Model 1 is based on the reaction of a single acid sulfate fluid with the calcite carbonatite and its hosts. This generates CO2 and precipitate sulfates by the neutralisation of the acid fluid by wallrock reactions (e.g. H2SO4 + CaCO3 = CaSO4 + CO2 + H2O). The sulfate minerals present in the fluid inclusions and in quartz are mainly salts of K (arcanite), Ca (anhydrite), Sr (celestine) and Na (aphthitalite) (Fig. 9), and these cations are readily available within wallrock calcite carbonatite dykes or the surrounding fenite (e.g. H2SO4 + 2KAlSi3O8 = K2SO4 + Al silicates). In this model, local production of CO2 explains why it is associated closely with the sulfate fluid.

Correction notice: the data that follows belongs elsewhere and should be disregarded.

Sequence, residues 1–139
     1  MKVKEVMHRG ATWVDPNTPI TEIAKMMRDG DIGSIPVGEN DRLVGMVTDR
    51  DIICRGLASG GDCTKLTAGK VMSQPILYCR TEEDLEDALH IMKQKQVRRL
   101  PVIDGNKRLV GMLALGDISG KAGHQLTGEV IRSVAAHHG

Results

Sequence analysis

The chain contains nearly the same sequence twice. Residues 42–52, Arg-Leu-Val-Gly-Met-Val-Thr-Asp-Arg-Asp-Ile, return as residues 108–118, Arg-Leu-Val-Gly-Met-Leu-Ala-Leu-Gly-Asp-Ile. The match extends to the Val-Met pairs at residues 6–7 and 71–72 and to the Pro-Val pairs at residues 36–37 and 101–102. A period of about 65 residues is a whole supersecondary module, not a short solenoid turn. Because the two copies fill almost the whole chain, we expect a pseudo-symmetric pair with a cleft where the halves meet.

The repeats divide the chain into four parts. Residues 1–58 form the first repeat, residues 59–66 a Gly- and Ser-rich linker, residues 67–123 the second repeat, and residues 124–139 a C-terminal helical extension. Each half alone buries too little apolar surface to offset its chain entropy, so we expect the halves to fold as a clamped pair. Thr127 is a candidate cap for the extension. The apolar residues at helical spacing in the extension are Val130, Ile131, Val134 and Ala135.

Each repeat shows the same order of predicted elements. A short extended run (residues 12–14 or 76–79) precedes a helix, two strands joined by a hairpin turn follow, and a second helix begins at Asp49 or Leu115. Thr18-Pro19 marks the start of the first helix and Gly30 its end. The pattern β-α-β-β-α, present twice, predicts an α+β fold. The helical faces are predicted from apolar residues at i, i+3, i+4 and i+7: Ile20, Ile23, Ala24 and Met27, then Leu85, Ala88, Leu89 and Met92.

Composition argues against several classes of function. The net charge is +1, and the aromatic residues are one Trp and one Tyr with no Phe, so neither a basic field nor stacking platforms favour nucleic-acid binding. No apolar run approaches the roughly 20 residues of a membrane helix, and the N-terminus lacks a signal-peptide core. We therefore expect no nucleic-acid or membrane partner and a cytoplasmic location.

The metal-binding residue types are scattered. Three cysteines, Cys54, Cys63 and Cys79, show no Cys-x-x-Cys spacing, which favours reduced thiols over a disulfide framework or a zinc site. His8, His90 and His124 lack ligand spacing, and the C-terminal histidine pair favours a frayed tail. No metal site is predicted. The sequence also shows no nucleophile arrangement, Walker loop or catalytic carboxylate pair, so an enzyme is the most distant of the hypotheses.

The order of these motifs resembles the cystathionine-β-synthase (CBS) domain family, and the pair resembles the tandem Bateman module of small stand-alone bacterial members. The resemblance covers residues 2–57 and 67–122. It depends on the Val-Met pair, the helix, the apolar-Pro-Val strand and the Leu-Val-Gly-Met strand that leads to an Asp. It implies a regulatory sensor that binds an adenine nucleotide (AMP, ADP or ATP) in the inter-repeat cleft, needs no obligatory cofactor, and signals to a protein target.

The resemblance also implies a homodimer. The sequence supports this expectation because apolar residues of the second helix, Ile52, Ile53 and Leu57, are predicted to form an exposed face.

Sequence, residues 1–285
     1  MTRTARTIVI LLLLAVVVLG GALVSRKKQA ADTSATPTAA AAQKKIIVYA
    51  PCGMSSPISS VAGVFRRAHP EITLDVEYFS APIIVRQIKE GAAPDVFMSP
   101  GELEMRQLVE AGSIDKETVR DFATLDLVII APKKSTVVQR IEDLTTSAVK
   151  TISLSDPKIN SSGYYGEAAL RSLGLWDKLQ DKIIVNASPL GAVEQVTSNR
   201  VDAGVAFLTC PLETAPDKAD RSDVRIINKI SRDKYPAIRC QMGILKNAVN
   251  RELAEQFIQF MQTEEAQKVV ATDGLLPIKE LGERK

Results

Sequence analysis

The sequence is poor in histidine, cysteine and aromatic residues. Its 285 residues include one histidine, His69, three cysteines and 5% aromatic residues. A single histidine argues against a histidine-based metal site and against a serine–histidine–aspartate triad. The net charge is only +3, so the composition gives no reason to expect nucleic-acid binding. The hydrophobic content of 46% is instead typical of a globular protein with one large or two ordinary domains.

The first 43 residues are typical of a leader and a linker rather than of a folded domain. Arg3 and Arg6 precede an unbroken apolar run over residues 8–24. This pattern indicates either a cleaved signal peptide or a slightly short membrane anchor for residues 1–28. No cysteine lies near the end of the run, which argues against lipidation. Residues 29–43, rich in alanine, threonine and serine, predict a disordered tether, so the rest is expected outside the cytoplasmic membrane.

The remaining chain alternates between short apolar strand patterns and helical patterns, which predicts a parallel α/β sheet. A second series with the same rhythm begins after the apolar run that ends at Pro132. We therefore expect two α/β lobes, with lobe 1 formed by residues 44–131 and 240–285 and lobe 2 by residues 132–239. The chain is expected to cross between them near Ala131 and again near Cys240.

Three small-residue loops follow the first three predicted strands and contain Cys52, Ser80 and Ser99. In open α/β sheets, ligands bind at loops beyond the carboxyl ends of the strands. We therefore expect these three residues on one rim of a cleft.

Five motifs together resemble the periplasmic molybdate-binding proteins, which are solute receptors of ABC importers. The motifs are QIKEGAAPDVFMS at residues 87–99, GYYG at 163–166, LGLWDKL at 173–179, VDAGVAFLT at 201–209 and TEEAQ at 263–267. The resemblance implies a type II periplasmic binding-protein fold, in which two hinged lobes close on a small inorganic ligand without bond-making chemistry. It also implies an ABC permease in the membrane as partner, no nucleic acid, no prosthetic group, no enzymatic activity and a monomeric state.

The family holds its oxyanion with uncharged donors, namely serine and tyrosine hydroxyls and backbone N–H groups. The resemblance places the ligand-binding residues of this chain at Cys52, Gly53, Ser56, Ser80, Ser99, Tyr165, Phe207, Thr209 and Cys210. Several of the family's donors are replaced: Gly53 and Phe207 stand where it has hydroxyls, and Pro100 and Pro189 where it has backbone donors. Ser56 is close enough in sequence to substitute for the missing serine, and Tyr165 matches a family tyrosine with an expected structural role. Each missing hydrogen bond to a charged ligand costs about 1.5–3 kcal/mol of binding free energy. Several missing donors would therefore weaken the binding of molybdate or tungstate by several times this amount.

Model 2 involves the mixing of two externally-derived fluids, one sulfate-rich and one CO2-rich, with cations carried by the carbonic fluid, and does not explicitly require chemical interaction with the carbonatite or fenite. This model can also result in the precipitation of sulfate salts, but requires cations to be introduced in a carbonic fluid even though they, and the CO2, are already available in the rocks.

Irrespective of the origin of the initial alteration and precipitation of sulfates, the growth of Qz-3 appears to be associated with the introduction of a more dilute fluid to the system and this is also shown in Fig. 10.

While Qz-2 occurs as thread-like infills linked by a cobweb texture, Qz-3 always occurs infilling healed fractures (Fig. 4). We propose a late fracturing event led to the introduction of the more dilute water, leading to Qz-3 precipitation and the less saline fluid inclusions. Loss of CO2 at this stage is likely as aqueous Lw + V and Lw fluid inclusions become common (Fig. 10).

Hydrothermal REE enrichment